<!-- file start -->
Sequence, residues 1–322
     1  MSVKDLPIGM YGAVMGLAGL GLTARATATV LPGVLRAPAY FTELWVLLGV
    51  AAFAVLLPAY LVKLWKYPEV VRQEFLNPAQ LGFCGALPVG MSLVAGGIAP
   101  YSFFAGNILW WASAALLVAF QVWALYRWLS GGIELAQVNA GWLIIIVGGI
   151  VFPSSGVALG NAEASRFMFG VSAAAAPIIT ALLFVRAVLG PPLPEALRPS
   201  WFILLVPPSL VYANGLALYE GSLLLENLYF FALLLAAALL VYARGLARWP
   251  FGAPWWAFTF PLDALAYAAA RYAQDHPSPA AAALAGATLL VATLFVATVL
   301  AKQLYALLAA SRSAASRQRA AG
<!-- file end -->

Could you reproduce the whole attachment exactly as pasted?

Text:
Sequence, residues 1–322
     1  MSVKDLPIGM YGAVMGLAGL GLTARATATV LPGVLRAPAY FTELWVLLGV
    51  AAFAVLLPAY LVKLWKYPEV VRQEFLNPAQ LGFCGALPVG MSLVAGGIAP
   101  YSFFAGNILW WASAALLVAF QVWALYRWLS GGIELAQVNA GWLIIIVGGI
   151  VFPSSGVALG NAEASRFMFG VSAAAAPIIT ALLFVRAVLG PPLPEALRPS
   201  WFILLVPPSL VYANGLALYE GSLLLENLYF FALLLAAALL VYARGLARWP
   251  FGAPWWAFTF PLDALAYAAA RYAQDHPSPA AAALAGATLL VATLFVATVL
   301  AKQLYALLAA SRSAASRQRA AG